‘Pussy Riot’ Members Speak Out After Early Prison Release

Pussy Riot Members Speak Out After Early Prison Release

“Pussy Riot” members speak out after early prison release, bringing the questions of political persecution and hooliganism sparked in 2012 back in to the minds of Russian citizens. Nadezhda Tolokonnikova and Maria Alyokhina, two of the seven former members of the punk band Pussy Riot, ran a press conference on December 27, where they talked about prison conditions, their plans for the future, and the fate of Pussy Riot. Although they say they intend to continue to fight against Putin’s iron clad regime, they will be going about it in a very different way. After seeing the distortion applied to their performance by the Russian media, the two women are planning to make change through more conventional channels. The two say they will not leave Russia as they have a lot of work to do to accomplish their goals, which they are holding onto even more strongly after their ordeal.

In February 2012 Pussy Riot screamed a punk prayer packed with obscenities from the altar of Moscow’s Christ the Savior Cathedral. Understandably, there were several followers of the church and clergy members that were upset with this, and the band was thrown into Russian prison on a two-year sentence for aggravated hooliganism. When the story got out globally, the length of the sentence caused the discussion to change from whether or not the group chose an appropriate way to protest government to whether or not they were being politically persecuted. Although Nadezhda and Maria were released early due to amnesty from Putin, the pair feel that the move was nothing more than a PR stunt from a leader who knows he has done wrong and must hide it. Now that the members of Pussy Riot speak out after early prison release, they once again have a large share of the global spotlight with which to illuminate their goals motives.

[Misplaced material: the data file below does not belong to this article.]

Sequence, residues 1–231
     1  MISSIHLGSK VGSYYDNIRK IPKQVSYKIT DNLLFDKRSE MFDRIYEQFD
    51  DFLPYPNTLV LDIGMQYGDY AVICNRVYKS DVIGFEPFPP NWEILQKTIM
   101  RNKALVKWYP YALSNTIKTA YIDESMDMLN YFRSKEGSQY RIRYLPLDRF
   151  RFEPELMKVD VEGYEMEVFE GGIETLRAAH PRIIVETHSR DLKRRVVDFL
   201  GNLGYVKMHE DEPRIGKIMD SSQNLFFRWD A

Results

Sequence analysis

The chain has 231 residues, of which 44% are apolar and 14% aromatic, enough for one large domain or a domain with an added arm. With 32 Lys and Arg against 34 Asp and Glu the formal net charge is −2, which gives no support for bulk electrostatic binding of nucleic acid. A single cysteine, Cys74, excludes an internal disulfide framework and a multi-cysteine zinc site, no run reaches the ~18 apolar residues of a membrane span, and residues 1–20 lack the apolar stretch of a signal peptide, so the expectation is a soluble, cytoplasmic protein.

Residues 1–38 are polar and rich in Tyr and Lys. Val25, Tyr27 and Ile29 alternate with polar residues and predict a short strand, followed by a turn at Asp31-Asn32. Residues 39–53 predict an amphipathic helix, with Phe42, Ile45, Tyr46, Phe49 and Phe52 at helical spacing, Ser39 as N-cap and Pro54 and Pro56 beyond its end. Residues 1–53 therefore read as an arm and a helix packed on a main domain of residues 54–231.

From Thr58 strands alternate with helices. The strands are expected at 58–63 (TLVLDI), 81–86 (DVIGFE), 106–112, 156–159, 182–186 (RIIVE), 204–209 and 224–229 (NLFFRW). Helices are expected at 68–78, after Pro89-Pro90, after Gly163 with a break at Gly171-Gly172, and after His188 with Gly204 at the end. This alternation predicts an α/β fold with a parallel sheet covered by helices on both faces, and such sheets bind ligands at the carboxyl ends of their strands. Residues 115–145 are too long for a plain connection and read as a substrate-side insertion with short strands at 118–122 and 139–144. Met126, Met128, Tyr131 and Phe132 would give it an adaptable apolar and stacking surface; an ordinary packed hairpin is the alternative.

The press conference in which Pussy Riot members speak out after early prison release centered around their plans to fight for prisoners’ rights after they described horrible treatment during their year behind bars. Although both Nadezhda and Maria say they will continue to fight to expose the underlying flaws and hypocrisies of the Russian government under Putin’s control, this cause will take a back seat to prisoners rights. Claims of rotten food, abuse and slave labor were among the complaints brought to light by the duo, all of which underwent criminal investigation. Despite harsh scrutiny of overseers of several Russian prison colonies, no evidence of the misdeeds could be found. After a year of supposed sixteen hour work days with four hours of sleep a night, Pussy Riot is fighting mad and going to bat to make change for those trapped in the Russian penal system. Immediate plans for the band include disbanding, dropping the Pussy Riot name for the more conventional, if less attention grabbing, moniker “Rights Zone.” Punk music will be put on the back burner while the group focuses on righting wrongs in both the Russian government and its prisons.

By Daniel O’Brien

Sources

BBC News
RT.com
Brisbane Times

One Response to "‘Pussy Riot’ Members Speak Out After Early Prison Release"

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